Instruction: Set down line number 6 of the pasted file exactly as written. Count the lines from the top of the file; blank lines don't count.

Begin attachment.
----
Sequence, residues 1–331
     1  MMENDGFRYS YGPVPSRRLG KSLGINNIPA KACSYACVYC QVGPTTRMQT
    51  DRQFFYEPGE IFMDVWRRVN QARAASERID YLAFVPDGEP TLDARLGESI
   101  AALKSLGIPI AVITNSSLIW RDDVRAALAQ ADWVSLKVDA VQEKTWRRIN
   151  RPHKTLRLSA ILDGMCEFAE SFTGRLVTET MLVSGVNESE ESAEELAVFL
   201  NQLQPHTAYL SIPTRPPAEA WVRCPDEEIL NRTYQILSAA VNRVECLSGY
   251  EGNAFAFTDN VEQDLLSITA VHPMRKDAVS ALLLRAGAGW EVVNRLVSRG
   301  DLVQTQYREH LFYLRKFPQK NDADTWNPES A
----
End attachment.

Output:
   201  NQLQPHTAYL SIPTRPPAEA WVRCPDEEIL NRTYQILSAA VNRVECLSGY